The Maine Attorney General's Office have received a complaint regarding a miscount of votes in Hope's 2020 municipal election. Credit: Lauren Abbate / BDN

The Maine Attorney General’s Office will not investigate a complaint it received regarding a miscount of votes during Hope’s 2020 municipal election, citing a lack of evidence of fraud or intentional wrongdoing.

The attorney general’s office received the complaint earlier this month and began gathering information on the matter. On March 23, town officials were informed that the state would not proceed with an investigation into the complaint, according to a spokesperson for the attorney general’s office.

Hope officials have acknowledged that the results of its July 2020 municipal election were miscounted. However, since the errors were not discovered within 30 days after the election, the town cannot legally correct the results.

“In the absence of credible evidence of fraud, ballot tampering, or other intentional wrongdoing, there is not a basis for our office to initiate an investigation. The matter remains one appropriately addressed at the local level, along with any other concerns regarding the operation of town government,” the attorney general’s office stated in its message to the complainant and town officials.

While the town of Hope typically does business through an annual town meeting format, the town conducted a vote on its annual budget via a secret ballot process last summer because COVID-19 restrictions prohibited large gatherings.

Hope residents voted during the July 14 election on 25 ballot measures, which altogether made up the proposed 2020-21 municipal budget. The reported results varied for each ballot item, with vote totals ranging from a low of 463 on one item to a high of 548 on another. When the tally sheets used by town staff to compile results were finally unsealed March 5, it was discovered that 481 total municipal ballots were processed, meaning that there were too few ballots to result in vote totals exceeding that number.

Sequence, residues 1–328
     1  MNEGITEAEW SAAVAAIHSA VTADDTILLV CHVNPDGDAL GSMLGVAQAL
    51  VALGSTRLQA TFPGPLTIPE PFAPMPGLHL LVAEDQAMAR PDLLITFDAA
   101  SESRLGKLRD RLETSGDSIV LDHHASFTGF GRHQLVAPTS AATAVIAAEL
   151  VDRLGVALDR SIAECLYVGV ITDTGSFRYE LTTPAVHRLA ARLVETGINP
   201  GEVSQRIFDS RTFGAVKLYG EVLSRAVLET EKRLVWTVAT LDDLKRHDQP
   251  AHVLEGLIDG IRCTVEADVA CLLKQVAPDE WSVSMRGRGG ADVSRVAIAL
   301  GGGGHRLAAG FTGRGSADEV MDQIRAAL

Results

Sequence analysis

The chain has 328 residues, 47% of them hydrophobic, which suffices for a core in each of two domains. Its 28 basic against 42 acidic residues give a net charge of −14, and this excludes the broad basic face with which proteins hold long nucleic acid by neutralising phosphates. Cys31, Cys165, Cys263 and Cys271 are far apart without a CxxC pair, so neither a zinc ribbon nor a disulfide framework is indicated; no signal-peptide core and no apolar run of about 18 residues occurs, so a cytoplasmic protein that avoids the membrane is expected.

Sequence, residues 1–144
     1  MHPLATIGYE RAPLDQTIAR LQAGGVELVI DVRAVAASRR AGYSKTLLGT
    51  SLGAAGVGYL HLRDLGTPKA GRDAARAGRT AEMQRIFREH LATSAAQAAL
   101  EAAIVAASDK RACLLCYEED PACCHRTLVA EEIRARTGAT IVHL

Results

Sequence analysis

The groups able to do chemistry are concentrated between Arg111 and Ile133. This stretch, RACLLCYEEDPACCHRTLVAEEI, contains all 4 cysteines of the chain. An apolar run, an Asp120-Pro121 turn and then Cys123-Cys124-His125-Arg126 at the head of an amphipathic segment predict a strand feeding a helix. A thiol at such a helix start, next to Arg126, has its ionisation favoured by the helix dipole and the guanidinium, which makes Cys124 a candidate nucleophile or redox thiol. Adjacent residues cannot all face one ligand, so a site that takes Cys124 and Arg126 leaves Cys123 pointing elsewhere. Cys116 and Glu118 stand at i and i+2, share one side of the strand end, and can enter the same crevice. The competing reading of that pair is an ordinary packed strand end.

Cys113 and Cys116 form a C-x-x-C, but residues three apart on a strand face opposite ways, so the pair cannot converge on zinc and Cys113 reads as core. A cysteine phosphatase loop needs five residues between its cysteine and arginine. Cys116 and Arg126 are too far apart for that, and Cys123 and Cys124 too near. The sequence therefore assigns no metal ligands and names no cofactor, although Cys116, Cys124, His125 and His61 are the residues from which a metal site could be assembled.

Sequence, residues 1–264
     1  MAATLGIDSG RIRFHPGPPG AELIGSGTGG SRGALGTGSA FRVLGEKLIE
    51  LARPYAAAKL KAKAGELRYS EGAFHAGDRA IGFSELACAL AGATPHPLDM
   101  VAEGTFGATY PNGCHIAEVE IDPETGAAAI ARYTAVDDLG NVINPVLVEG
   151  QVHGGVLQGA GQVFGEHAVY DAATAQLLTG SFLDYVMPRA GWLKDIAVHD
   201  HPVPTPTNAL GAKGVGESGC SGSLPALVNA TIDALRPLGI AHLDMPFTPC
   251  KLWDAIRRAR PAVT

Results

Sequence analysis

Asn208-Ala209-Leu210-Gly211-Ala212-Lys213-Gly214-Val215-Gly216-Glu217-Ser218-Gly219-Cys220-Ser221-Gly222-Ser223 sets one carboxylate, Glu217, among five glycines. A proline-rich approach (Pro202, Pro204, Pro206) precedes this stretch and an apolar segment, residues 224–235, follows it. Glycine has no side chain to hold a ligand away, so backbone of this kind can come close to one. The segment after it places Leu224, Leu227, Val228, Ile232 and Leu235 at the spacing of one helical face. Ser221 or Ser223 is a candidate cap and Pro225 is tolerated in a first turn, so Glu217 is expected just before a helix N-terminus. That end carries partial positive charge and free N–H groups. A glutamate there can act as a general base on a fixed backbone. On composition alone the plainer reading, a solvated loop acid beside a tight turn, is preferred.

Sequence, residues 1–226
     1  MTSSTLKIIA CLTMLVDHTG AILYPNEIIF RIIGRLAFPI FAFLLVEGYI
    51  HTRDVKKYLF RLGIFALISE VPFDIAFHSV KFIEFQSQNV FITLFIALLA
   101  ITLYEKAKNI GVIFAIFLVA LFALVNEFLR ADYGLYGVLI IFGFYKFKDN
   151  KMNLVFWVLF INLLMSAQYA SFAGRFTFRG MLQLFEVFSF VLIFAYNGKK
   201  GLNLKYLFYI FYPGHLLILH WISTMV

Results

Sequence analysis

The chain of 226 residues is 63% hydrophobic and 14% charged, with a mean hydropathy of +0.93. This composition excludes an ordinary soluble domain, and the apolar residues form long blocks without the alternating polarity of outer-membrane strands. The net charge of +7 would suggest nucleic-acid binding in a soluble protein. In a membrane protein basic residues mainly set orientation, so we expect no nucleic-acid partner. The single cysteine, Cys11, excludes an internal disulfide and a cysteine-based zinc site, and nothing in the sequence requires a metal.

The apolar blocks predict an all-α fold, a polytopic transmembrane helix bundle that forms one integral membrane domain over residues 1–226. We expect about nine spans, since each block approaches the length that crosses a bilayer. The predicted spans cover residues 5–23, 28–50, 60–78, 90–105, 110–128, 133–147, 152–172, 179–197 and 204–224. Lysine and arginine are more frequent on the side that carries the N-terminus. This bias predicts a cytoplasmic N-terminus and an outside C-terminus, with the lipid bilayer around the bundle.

After discovering the errors, the town’s select board hired an attorney to conduct an investigation into the matter. The independent inquiry determined that the errors were largely due to a lack of knowledge regarding how to oversee an election process because the town office was short staffed at the time.

The selectboard has said that the attorney found no evidence of fraud or attempts to subvert the electoral process.

An attorney specializing in municipal law advised the town to move forward with reliance on the results, even if there were errors made in the counting process, since the legal timeframe for a recount had passed.

Since the errors were discovered, the town has taken steps to ensure that the same mistakes are not made in future elections, including increasing the cross-training of town office staff to make sure they can do multiple jobs if necessary.